Cancer scientist, co-creator of the cervical cancer vaccine and 2006 Australian of the year, Professor Ian Frazer AC.
Director, Diamantina Institute for Cancer, Immunology and Metabollic Medicine (DI)
Leading cancer scientist and PM Science Prize winner, Professor Ian Frazer, was trained as a renal physician and clinical immunologist in Edinburgh, Scotland before emigrating in 1980 to Melbourne, Australia to pursue studies in viral immunology and autoimmunity at the Walter and Eliza Hall Institute of Medical Research with Professor Ian Mackay.
In 1985 he moved north to Brisbane to take up a teaching post with the University of Queensland, and he now holds a personal chair as head of the Centre for Immunology and Cancer Research, a research institute of the University at the Princess Alexandra Hospital.
His current research interests include immunoregulation, and immunotherapeutic vaccines for Papillomavirus associated cancers. As a one of Australia’s best known cancer scientists, Professor Frazer holds research funding from several Australian and US funding bodies. He is a director of a biotechnology start up company, Coridon, with an interest in optimising and targeting polynucleotide vaccine protein expression.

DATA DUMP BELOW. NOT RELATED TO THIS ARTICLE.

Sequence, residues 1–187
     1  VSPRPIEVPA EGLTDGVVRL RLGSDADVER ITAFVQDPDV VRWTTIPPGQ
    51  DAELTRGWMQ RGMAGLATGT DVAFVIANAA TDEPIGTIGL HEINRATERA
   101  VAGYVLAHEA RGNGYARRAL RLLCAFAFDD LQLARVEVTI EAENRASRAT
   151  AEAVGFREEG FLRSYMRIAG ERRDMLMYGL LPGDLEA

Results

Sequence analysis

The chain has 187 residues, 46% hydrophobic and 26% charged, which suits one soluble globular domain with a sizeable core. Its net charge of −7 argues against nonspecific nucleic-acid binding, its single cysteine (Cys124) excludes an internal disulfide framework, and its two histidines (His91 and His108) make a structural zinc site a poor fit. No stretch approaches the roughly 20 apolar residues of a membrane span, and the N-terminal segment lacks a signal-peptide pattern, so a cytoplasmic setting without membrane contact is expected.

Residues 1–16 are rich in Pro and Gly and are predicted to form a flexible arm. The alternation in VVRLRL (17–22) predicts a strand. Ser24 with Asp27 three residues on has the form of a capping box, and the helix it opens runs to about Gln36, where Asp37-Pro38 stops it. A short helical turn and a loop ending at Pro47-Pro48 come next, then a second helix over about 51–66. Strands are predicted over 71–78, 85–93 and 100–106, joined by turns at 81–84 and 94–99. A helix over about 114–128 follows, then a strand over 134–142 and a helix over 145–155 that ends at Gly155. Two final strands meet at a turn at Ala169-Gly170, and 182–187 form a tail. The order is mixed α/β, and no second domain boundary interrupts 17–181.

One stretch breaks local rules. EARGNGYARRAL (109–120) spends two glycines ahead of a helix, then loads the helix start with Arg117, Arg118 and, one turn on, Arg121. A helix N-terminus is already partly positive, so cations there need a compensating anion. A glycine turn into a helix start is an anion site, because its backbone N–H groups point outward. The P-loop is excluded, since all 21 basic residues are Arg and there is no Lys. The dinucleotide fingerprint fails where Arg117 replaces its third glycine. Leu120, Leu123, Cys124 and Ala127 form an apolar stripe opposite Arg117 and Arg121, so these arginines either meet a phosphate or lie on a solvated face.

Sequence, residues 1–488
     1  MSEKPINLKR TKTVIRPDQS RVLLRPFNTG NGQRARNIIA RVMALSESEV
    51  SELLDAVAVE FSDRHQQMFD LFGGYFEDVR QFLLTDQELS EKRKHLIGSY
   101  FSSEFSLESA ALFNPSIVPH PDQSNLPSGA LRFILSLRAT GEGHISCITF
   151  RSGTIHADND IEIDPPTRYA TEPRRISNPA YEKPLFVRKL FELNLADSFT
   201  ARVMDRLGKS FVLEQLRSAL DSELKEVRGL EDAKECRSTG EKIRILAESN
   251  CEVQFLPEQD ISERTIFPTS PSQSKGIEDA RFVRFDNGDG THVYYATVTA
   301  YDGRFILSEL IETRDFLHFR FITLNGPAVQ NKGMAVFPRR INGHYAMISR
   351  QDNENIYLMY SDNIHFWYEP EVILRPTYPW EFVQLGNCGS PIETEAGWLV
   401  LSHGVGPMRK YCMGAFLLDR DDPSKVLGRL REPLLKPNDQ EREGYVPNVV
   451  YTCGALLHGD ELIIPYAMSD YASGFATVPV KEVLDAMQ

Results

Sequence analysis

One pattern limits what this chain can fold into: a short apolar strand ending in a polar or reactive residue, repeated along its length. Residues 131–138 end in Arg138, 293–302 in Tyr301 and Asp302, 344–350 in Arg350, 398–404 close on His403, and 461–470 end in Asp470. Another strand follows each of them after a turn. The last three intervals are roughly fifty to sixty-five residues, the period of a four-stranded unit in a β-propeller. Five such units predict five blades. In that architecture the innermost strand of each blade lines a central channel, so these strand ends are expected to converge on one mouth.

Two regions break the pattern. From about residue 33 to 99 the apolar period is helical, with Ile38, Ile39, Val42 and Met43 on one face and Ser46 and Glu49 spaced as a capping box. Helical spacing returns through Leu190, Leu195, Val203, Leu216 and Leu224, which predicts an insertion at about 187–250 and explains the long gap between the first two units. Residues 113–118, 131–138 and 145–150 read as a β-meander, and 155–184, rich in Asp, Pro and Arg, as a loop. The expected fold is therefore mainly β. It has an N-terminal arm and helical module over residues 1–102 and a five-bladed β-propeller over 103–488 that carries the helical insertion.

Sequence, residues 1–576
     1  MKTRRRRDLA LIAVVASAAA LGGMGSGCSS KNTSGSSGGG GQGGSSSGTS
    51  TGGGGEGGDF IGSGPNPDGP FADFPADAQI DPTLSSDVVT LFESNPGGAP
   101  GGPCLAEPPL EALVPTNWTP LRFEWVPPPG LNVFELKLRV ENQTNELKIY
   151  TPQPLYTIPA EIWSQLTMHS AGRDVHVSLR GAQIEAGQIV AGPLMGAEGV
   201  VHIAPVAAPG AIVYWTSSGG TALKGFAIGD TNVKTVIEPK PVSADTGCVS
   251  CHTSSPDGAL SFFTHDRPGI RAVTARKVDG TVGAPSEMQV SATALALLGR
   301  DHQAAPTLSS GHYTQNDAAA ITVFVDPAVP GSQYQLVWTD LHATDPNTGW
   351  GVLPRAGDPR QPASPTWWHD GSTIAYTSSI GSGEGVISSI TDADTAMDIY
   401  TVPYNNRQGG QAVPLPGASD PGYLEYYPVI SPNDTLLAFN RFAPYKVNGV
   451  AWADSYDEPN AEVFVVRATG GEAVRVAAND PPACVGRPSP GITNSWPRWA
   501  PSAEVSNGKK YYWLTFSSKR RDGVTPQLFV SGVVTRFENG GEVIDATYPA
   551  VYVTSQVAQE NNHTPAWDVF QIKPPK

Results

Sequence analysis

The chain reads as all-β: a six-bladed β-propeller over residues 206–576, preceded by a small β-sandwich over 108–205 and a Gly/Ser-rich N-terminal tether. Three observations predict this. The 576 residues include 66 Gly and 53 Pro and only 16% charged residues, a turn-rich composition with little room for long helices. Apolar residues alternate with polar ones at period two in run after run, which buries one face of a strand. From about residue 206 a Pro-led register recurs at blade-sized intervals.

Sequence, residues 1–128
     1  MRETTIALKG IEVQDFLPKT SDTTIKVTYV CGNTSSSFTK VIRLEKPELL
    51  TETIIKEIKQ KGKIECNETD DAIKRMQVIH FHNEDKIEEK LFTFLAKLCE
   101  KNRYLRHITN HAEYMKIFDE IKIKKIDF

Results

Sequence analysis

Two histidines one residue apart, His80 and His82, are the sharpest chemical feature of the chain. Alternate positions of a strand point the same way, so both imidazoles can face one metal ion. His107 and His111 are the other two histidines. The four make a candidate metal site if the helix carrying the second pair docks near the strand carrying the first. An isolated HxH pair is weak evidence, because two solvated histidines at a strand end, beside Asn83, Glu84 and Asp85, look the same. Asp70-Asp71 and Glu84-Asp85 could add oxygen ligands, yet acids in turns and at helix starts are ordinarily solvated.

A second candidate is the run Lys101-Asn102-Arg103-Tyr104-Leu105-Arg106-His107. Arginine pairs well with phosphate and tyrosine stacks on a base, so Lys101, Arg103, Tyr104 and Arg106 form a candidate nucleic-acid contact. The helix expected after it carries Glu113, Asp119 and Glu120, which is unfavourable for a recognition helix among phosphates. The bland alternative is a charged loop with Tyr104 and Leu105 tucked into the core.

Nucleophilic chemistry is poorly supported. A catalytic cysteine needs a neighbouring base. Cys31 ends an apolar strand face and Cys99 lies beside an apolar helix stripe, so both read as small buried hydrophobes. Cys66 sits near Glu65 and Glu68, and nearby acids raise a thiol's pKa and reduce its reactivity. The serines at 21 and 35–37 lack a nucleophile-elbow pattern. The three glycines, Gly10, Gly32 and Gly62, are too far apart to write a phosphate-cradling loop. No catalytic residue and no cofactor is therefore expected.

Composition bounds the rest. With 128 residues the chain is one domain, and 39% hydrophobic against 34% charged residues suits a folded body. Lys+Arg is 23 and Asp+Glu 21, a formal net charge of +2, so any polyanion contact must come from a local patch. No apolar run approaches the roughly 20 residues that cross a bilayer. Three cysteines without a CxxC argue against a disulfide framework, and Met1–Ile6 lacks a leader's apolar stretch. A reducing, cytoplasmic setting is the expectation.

He won the 2005 CSIRO Eureka Prize for Leadership in Science and was named Australian of the Year in 2006 for his development of the human papillomavirus (HPV) cervical cancer vaccines.
Professor Frazer was appointed Chair of the Australian Cancer Research Foundation’s prestigious Medical Research Advisory Committee in 2009. The MRAC comprises a group of highly esteemed cancer scientists from all over Australia, working in collaboration to advise the ACRF of the most promising cancer research initiatives in the country.
Professor Ian Frazer also chairs the medical and scientific advisory committee of the Queensland Cancer Fund, and advises the WHO and the Bill and Melissa Gates Foundation on papillomavirus vaccines.
Dr Frazer teaches immunology to undergraduate and graduate students of the University. He was recently made a Fellow of the Australian Academy of Science. In March 2007 he was awarded the prestigious Howard Florey Medal for Medical Research and earlier this year was announced as recipient of the Balzan Prize, a major international award recognising his “outstanding scientific achievement and lasting contribution to preventive cancer medicine”.
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